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Sat, Aug. 15

Grand Canyon river guides and boaters asked to bypass Havasu Canyon to protect Havasupai Tribe from virus

The confluence of Havasu Creek with the Colorado River. (NPS/Erin Whittaker)

The confluence of Havasu Creek with the Colorado River. (NPS/Erin Whittaker)

GRAND CANYON, Ariz. – In an effort to minimize the spread of the COVID-19 virus and to further safeguard the Havasupai people and their traditional lands, the National Park Service (NPS) is requesting all river trips, both commercial and non-commercial, to voluntarily bypass Havasu Canyon on the Colorado River.

The request goes into effect immediately. River guides and boaters are encouraged to honor this request out of respect and safety for the Havasupai people. Havasu Canyon is located at river mile 157 of 277 Colorado River miles extending through the Grand Canyon.

Currently, the Havasupai reservation is under an emergency closure because of the COVID-19 virus.

In May, the Havasupai Tribal Council suspended tourism until further notice.

The tribe stated that the coronavirus poses a grave public health threat to the Havasupai Tribe, therefore, the Tribal Council decided to take proactive measures to prevent its spread to the reservation, including declaring a state of emergency, restricting all travel in and out of the reservation, enacting a stay-at-home and mandatory quarantine order for all reservation residents.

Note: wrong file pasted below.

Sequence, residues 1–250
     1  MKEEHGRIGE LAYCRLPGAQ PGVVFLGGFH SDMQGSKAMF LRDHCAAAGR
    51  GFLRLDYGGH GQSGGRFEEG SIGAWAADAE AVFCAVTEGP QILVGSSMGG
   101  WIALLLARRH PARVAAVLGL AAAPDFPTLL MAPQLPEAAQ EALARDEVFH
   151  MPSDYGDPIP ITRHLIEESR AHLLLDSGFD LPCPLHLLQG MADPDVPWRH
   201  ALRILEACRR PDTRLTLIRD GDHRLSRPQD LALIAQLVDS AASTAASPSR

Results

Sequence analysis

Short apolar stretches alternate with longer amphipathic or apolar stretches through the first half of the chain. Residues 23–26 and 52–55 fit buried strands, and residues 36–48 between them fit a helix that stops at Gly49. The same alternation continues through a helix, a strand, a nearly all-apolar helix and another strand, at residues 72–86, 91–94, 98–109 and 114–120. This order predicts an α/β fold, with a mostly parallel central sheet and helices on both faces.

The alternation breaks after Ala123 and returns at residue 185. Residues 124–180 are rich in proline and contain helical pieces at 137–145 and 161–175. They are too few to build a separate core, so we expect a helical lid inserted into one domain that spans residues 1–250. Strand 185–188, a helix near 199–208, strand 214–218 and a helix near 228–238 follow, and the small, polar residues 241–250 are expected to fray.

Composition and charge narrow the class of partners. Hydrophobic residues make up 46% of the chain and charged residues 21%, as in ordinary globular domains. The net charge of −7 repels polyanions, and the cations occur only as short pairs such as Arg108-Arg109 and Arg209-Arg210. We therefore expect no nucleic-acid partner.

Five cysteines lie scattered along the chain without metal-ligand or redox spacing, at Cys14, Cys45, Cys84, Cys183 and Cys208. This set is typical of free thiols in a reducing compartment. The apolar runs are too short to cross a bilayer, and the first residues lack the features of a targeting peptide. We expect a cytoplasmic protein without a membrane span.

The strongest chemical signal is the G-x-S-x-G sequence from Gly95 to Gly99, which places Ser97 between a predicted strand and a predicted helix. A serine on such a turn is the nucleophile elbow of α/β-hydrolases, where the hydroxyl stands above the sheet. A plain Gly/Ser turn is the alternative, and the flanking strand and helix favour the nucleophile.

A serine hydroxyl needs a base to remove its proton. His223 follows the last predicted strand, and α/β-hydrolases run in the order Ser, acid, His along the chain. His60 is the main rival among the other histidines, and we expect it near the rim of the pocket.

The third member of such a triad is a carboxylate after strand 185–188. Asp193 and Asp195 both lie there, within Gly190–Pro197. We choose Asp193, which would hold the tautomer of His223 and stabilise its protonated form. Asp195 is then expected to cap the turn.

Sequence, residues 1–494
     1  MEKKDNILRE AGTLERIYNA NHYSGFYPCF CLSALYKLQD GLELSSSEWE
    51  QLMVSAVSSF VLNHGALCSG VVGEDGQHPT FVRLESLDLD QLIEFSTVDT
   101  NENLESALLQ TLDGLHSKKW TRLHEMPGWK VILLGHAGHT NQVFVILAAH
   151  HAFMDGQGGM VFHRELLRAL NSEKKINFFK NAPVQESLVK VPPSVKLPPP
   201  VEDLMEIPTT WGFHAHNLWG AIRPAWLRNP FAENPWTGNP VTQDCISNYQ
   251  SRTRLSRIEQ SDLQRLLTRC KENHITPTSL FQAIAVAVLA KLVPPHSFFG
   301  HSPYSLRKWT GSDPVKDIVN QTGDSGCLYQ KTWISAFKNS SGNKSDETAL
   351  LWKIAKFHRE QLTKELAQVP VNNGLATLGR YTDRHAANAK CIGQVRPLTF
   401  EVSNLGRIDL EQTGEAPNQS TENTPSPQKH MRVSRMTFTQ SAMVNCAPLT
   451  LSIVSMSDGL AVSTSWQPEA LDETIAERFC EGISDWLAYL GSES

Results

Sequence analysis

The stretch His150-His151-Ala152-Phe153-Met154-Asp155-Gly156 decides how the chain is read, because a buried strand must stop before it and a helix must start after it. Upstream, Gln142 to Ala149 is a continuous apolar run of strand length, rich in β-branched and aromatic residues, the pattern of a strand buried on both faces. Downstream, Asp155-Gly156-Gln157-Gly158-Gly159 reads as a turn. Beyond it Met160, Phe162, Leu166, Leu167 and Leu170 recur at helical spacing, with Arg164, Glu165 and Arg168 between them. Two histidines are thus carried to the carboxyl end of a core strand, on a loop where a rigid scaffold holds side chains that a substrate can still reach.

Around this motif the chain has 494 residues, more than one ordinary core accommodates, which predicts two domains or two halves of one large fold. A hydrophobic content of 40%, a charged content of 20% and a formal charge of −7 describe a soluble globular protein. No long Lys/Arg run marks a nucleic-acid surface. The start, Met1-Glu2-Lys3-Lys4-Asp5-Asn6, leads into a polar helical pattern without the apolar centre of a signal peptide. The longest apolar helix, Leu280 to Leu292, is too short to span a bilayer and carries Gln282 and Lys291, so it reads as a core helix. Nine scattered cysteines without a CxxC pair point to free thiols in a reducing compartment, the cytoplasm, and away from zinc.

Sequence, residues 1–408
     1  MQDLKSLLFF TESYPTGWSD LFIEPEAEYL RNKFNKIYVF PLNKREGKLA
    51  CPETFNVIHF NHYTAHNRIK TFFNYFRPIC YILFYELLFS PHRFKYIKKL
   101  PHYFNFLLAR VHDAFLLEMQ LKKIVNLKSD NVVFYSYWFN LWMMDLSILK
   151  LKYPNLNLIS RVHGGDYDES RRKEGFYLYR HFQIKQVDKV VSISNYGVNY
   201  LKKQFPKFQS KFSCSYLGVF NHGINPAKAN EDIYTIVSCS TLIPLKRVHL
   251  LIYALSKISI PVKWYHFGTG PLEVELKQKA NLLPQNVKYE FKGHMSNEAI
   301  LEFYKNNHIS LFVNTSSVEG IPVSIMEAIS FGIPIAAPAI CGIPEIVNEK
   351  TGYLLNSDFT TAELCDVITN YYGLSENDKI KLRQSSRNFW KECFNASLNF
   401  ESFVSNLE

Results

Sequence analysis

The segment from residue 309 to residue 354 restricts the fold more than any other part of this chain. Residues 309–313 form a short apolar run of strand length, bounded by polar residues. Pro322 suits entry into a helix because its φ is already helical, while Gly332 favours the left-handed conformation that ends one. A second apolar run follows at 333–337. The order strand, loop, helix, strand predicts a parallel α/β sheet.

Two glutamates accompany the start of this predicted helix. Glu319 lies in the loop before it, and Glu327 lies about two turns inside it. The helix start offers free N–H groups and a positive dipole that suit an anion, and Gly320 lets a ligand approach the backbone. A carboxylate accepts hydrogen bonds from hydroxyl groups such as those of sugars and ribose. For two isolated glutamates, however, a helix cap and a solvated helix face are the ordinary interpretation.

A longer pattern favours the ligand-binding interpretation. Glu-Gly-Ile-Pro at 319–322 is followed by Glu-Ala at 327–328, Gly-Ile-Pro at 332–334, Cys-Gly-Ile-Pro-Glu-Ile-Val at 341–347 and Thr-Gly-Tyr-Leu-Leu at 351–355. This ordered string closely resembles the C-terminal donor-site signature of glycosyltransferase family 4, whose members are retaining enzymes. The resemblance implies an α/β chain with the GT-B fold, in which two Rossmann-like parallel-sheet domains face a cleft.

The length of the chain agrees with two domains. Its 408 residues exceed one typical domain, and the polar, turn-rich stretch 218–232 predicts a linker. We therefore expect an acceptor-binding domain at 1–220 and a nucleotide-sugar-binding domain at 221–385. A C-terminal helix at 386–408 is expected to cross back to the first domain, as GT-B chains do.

Entry into the reservation is prohibited and is strictly enforced by the Havasupai Tribe. Camping at the confluence of Havasu Creek and the Colorado River is always prohibited.

The tribe has stationed law enforcement at the boundary between the reservation and the park and will enforce any attempts to violate the closure order. The tribe will also share with NPS staff any information gathered on individuals or companies violating the closure order.

The NPS and the Havasupai Tribe stated they will continue to assess conditions and adjust operations as needed to provide for the safety of the Havasupai residents and boaters.

Grand Canyon National Park stated that its leadership is committed to working closely with its neighboring tribal communities to ensure that increasing access to the park is done in a manner that is sensitive to their interests and concerns.

“Park leadership respects the position of the Havasupai Tribe and their need to safeguard tribal members and lands,” the park stated.

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